• No criterion or procedure has been prescribed either in the Constitution or in the statute for the appointment of CAG.
  • This goes against the international best practices prevalent across the world.
  • The CAG has the authority to inspect any Government office and to call for any accounts. However, in practice, the supply of records is often denied.
  • The work of audit of accounts of the Union and of the States is actually done by the officers and staff of the IA&AD. However, no statutory recognition has been given to the work of IA&AD in India as against National Audit Office of the UK.
  • CAG of India only performed the role of an Auditor General and not of a Comptroller but in Britain it has the power of both Comptroller as well as Auditor General.
  • In India the CAG audits the accounts after the expenditure is committed i.e. ex post facto. In UK no money can be drawn from the public exchequer without the approval of the CAG.
  • In India, CAG is not a member of the parliament while in Britain; CAG is a member of house of the Commons.

To address these kind of challenges some  reforms are suggested by former CAG Vinod Rai :

  • Bring all private-public partnerships (PPPs), Panchayati Raj Institutions and government-funded societies, within the ambit of the CAG.
  • CAG Act of 1971 should be amended to keep pace with the changes in governance.
  • A collegiums type mechanism be set up to choose a new CAG on the lines of selecting a Chief Vigilance Commissioner (CVC).


In view of the nature of work of CAG,Dr. B.R. Ambedkar said that the CAG shall be the most important Office under the Constitution of India. Hence, It becomes imperative to maintain the independent nature of office of the CAG which in turn will ensure that CAG will remain as a keystone in the arch of constitutional measure of accountability.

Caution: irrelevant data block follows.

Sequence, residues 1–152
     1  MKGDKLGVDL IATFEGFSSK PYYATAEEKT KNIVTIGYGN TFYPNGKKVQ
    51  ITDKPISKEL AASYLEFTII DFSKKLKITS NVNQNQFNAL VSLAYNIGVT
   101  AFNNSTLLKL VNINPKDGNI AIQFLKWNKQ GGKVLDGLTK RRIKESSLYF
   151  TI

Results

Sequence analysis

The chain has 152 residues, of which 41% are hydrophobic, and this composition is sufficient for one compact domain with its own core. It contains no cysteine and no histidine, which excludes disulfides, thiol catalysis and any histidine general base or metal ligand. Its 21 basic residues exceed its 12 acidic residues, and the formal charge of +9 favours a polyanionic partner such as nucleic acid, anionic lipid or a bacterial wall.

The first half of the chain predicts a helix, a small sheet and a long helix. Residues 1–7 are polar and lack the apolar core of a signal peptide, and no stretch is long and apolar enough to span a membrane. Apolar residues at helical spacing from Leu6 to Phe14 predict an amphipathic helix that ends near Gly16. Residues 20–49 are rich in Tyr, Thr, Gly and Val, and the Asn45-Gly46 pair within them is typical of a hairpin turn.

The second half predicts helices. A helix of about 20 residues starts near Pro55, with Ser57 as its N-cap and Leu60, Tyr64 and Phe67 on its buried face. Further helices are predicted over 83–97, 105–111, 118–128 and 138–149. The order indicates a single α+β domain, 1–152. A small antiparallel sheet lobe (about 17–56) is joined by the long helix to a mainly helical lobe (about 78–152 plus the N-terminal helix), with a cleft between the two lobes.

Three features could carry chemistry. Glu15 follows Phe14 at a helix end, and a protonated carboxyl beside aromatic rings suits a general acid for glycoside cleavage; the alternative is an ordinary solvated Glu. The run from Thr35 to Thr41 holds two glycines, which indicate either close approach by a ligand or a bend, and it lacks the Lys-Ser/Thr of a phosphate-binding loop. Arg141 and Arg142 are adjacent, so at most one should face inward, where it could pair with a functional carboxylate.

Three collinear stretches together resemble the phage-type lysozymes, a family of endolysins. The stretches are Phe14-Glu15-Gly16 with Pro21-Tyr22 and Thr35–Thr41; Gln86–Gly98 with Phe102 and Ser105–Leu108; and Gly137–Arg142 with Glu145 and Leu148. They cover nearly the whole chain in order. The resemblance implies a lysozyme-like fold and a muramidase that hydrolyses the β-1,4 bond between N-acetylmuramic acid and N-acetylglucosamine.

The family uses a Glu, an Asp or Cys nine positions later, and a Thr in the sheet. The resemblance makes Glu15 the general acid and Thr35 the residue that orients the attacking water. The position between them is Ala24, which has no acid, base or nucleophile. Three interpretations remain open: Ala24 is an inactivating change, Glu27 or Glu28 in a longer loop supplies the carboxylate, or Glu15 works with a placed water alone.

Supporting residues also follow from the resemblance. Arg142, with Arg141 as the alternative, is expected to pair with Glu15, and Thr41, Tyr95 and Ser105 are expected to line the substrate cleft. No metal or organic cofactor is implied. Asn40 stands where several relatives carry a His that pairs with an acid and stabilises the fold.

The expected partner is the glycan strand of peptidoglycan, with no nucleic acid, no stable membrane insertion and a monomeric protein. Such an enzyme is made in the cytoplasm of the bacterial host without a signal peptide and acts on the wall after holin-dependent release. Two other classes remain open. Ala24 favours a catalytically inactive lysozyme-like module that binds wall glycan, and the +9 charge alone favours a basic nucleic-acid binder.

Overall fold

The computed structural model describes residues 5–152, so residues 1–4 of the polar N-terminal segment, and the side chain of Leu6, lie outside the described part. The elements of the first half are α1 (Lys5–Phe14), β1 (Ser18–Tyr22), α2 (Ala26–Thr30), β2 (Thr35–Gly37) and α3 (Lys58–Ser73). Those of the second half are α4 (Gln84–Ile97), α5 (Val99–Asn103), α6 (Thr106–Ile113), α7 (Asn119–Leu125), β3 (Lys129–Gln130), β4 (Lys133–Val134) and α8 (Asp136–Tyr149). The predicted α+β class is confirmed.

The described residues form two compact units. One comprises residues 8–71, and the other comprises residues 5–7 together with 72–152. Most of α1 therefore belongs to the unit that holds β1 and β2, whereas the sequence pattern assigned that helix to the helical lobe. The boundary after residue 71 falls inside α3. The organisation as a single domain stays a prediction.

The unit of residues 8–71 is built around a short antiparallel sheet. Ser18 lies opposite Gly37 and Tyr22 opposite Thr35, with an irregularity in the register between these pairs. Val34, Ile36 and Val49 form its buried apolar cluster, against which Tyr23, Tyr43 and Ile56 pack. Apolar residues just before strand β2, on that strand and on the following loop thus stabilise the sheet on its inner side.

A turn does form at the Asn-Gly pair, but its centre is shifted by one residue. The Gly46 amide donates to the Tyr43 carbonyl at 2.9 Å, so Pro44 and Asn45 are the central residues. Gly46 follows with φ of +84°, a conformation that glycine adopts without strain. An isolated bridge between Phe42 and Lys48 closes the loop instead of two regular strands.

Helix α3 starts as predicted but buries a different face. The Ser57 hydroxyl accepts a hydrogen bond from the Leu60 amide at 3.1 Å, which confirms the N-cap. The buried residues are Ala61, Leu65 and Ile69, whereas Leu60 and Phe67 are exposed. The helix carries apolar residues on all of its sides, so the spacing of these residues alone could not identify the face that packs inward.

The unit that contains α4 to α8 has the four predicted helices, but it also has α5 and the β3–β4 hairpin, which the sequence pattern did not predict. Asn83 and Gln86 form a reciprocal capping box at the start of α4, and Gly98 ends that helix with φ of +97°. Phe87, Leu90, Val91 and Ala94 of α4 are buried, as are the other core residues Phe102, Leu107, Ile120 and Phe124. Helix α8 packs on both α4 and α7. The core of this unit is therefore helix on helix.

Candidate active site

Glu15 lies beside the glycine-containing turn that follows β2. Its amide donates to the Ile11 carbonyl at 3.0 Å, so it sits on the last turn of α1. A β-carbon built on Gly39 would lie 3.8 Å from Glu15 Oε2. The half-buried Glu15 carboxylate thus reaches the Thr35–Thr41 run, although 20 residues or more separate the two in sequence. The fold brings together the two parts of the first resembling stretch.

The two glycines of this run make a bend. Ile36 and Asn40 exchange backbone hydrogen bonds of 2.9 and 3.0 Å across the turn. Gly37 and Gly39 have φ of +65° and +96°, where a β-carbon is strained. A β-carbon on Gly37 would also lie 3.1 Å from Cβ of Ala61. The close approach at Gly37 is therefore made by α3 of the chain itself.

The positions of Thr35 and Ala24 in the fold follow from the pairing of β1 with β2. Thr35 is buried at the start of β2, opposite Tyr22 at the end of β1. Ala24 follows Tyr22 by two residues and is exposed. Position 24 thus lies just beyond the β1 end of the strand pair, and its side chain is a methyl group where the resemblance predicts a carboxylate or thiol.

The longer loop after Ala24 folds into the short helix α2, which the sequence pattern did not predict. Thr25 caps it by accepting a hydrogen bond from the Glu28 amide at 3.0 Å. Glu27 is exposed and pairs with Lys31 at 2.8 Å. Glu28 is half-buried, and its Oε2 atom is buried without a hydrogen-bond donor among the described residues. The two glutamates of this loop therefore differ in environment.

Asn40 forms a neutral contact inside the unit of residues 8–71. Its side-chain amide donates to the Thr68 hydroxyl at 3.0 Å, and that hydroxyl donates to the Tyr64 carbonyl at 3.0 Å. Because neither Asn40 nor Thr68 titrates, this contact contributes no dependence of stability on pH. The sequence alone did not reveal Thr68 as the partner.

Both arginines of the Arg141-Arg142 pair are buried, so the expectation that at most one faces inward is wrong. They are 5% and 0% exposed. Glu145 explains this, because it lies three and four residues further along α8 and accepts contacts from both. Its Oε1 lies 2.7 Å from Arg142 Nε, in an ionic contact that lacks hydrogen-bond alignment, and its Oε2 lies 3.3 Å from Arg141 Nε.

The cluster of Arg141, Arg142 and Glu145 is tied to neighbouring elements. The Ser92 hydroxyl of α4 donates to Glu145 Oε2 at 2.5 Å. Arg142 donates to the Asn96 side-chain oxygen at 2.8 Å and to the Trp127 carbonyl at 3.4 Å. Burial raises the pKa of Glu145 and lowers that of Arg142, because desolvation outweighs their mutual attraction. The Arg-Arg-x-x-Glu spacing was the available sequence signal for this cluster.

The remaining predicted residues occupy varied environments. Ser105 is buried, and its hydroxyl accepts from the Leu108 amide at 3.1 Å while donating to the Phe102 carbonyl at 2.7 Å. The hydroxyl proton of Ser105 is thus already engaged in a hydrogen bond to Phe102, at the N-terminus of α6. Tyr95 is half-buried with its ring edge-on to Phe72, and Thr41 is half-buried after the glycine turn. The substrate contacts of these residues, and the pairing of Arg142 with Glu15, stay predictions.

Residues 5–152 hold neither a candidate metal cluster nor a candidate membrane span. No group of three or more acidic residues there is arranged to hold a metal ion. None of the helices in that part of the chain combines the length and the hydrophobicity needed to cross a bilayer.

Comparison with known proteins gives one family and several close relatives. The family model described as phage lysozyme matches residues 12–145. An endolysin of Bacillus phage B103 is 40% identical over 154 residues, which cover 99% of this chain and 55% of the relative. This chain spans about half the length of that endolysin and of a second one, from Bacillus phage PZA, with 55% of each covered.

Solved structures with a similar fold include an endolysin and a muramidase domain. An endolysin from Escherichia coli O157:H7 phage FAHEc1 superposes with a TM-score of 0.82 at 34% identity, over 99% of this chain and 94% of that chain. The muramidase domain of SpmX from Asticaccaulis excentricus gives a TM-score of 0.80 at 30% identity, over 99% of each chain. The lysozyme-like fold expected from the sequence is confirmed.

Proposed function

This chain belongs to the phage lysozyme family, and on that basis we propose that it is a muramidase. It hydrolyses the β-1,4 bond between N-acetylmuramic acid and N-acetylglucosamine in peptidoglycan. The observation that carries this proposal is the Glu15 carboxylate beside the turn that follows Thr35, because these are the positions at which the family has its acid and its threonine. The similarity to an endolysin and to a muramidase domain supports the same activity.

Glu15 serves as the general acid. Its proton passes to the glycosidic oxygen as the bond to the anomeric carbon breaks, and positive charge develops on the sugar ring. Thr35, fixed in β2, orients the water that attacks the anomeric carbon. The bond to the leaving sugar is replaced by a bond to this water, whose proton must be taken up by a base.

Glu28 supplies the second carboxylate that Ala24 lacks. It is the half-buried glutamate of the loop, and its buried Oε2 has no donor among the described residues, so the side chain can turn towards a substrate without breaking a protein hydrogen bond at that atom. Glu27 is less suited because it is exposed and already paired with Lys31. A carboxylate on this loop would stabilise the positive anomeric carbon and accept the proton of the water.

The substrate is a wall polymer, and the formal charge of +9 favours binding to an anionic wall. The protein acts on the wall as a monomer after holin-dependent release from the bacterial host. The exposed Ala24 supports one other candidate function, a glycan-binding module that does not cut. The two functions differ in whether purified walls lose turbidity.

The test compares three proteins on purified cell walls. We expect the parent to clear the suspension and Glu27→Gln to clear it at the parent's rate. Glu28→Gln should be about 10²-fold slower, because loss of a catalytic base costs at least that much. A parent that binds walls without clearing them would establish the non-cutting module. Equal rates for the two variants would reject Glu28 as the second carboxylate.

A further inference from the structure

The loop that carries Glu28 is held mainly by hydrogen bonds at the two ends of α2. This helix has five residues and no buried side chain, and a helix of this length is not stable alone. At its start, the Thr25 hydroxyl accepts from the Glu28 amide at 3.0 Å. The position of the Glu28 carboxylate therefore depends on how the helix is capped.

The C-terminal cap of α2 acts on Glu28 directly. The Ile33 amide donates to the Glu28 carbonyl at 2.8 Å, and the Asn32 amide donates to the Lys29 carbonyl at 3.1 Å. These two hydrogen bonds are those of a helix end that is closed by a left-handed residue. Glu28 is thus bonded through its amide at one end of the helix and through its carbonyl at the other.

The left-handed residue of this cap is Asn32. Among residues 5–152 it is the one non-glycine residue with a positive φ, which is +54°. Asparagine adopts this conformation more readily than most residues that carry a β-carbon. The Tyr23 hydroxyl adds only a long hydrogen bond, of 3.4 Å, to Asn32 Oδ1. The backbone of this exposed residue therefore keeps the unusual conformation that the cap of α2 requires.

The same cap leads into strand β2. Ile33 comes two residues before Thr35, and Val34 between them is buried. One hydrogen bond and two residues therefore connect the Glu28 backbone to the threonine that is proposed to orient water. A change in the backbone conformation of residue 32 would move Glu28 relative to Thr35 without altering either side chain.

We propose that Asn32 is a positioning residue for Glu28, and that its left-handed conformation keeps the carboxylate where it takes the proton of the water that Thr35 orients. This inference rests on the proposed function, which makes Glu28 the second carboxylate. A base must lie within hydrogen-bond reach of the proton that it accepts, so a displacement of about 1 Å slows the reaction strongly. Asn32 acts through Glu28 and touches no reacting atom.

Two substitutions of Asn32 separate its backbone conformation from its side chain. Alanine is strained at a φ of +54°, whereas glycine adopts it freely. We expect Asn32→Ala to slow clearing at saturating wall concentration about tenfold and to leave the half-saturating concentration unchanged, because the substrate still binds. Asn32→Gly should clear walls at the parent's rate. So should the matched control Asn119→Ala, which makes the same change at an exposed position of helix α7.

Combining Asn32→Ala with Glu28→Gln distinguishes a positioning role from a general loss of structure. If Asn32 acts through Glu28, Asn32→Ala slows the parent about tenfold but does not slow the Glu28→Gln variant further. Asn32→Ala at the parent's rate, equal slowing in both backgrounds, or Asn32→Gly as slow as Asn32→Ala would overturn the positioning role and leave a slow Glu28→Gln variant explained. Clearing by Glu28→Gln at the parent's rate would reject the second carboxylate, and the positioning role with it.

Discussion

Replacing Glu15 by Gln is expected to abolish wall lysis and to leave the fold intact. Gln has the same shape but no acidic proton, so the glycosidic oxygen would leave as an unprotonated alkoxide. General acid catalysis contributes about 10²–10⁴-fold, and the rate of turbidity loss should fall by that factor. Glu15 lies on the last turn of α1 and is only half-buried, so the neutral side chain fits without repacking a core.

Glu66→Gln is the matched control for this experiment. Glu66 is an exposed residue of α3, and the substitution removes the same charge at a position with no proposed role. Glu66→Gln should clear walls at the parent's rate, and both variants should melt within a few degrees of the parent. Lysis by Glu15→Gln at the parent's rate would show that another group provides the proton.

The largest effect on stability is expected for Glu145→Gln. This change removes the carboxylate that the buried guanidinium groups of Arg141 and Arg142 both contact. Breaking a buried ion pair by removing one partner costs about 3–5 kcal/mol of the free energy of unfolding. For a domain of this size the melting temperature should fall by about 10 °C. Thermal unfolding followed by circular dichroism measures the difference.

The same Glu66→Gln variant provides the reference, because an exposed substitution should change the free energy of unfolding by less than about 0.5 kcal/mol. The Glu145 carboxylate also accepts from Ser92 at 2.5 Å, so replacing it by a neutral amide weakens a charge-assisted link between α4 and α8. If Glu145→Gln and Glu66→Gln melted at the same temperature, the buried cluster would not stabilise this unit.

2. What are the different constitutional bodies, apart from the judiciary, that have the mandate to protect the rights of citizens, especially the disadvantaged ones? Discuss.  

न्यायपालिका के अलावा विभिन्न संवैधानिक निकाय क्या हैं, जो नागरिकों, विशेष रूप से वंचितों के अधिकारों की रक्षा के लिए उत्तरदायी हैं? चर्चा करें।

Demand of the question:

It expects student to write about the various constitutional bodies, apart from the judiciary, that have mandate to protect the rights of citizens. It also expects student  to write about what roles do these bodies play while protecting the rights of citizen, especially the disadvantaged ones.  


Human rights are basic fundamental rights which are integral part for the development of human being in the absence of which a person cannot live life with dignity. Constitution of India protects the fundamental rights or human rights of the people, provisions for the same have been made not only in the Articles of the Constitution but also through judiciary and different constitutional bodies.


India is the biggest democracy in the world. Being a democratic country one of

the main objectives is the protection of the basic rights of the people.

  • In this context, Judiciary plays an important role by protecting the rights of citizens. As judiciary protects rights of citizens in general scenario various different constitutional bodies protect rights of citizens in relation to specific issues/section.
  • In Indian Context Scheduled Castes(SC),Scheduled Tribes(ST),Backward Classes(BC) and linguistic minorities form the disadvantaged ones. Hence different Constitutional bodies are set up to safeguard the rights of these disadvantaged sections. Their names and mandates are as mentioned below.

National Commission for SCs:

  • The National Commission for Scheduled Castes (SCs) is a constitutional body in the sense that it is directly established by Article 338 of the Constitution.  
  • It investigate and monitor all matters relating to the constitutional and other legal safeguards for the SCs and to evaluate their working.
  • It  inquire into specific complaints with respect to the deprivation of rights and safeguards of the SCs.
  • Commission presents an annual report to the president.

National Commission for STs

  • National Commission for Scheduled Tribes (STs) is a constitutional body in the sense that it is directly established by Article 338-A of the Constitution
  • It investigate and monitor all matters relating to the constitutional and other legal safeguards for the STs and to evaluate their working;
  • It inquires into specific complaints with respect to the deprivation of rights and safeguards of the STs.
  • Commission presents an annual report to the president.